It’s hardly a shocker, but it’s true: lightning can be a killer.
With about 1,800 thunderstorms pounding Earth at any given moment, it means that lightning is striking somewhere about 50 times every second. And Houston still remains the lightning capital of Texas, averaging about 20 strikes per square mile and about 1,700 strikes just between June and August, says Richard Orville, an atmospheric sciences professor at Texas A&M University who has studied lightning for more than 30 years.
“Two things are required for lightning – heat and moisture – and Houston has plenty of both,” Orville explains.
“Houston gets its share of lightning strikes, but the state of Florida is a real center of lightning. It is surrounded on three sides by water and has plenty of heat, so lightning there is always a big concern.”
Since Texas also has plenty of heat and moisture, lightning can be a real problem, especially in the spring and summer when storms are at their peak.
In general, Orville explains, the best places to be if there is lightning present is indoors if possible, and that includes automobiles, which are safe places because the vehicle is grounded.
The worst places: anywhere out in the open, such as a golf course, large park or lake. “If you do get caught in a situation where lightning is near you, try to crouch down close to the ground, and always stay away from trees,” he notes.
Lightning and airplanes generally don’t conflict with each other, Orville says. Despite a recent crash of an airliner over the Atlantic Ocean that may have been hit by lightning, airplanes are considered safe places in a storm “because if they do get hit by lightning, the current goes along the sides of the aircraft.
“I was in an airplane a few years ago that was hit by lightning,” he recalls. “We were in the middle of a storm and there were flashes all around, and the pilot announced to the passengers, ‘We just got hit by lightning.’ But everyone was safe.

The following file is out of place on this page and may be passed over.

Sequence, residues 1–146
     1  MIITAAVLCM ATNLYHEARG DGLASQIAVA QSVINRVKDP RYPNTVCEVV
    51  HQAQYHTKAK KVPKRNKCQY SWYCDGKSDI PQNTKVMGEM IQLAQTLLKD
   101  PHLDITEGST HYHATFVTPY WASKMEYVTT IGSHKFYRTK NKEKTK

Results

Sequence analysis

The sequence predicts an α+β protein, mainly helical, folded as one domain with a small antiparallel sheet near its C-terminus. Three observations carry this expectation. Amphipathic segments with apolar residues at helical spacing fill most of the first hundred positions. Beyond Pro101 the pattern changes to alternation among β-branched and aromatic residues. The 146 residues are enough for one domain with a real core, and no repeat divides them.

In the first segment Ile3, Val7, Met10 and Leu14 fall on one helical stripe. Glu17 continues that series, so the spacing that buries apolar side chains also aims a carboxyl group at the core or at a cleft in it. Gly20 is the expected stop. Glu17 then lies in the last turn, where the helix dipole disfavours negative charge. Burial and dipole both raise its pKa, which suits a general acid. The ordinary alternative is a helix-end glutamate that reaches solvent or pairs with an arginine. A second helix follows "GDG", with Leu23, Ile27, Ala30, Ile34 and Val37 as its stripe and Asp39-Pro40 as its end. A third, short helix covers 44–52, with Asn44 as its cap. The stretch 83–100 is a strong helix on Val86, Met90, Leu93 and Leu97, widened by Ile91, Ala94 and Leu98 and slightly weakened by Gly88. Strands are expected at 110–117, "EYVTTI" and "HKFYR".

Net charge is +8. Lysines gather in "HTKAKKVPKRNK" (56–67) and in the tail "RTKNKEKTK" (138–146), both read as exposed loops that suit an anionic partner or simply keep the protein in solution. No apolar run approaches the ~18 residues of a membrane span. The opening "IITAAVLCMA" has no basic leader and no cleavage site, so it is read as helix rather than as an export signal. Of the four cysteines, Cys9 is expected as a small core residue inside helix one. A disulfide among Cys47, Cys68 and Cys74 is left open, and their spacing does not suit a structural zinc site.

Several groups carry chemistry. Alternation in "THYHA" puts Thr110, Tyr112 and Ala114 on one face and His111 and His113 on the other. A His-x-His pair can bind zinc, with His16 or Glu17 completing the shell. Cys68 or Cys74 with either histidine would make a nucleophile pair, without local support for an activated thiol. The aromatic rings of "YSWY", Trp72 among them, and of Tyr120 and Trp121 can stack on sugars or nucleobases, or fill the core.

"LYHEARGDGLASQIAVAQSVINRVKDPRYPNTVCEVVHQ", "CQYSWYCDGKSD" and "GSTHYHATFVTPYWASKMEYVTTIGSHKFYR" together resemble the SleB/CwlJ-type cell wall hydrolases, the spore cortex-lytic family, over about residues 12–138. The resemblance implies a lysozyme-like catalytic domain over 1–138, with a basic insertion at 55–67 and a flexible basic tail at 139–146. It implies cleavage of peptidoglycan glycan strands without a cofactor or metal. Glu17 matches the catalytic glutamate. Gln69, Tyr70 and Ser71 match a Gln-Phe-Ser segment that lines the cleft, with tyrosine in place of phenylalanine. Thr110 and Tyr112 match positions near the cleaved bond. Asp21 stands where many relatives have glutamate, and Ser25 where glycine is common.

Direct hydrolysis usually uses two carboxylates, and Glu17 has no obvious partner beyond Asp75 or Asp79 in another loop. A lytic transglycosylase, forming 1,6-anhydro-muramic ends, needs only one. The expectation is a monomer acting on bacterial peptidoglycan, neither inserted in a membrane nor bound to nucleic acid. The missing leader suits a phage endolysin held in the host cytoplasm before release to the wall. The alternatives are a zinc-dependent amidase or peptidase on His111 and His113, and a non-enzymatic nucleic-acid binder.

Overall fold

“Lightning hitting airplanes happens fairly frequently. What happens very rarely is when lightning directly results in the crash of an airplane. One of the last such known crashes occurred in 1963, but airplane makers have made some changes in design since then, such as making the metal on the wings thicker, and today it’s very rare if a plane crashes because of a lightning strike.”
Orville says storms can be deceiving – a storm that appears in the distance can still have lightning near you, he adds. “The general rule is to wait 30 minutes after a storm has passed. If you haven’t heard thunder in the last 30 minutes, it’s probably safe to go outside.”
Studies show that about 100 people are killed in the United States each year by lightning. Of those hit by lightning, 85 percent are under the age of 35 and of those, one out of five will die. Those who survive have about a 70 percent chance of suffering long-term serious side effects from a lightning strike.
“It is true that lightning can be a killer,” Orville says.
“But good common sense goes a long way. If you know to seek shelter, avoid tall trees and try to stay away from open areas, you should be fine."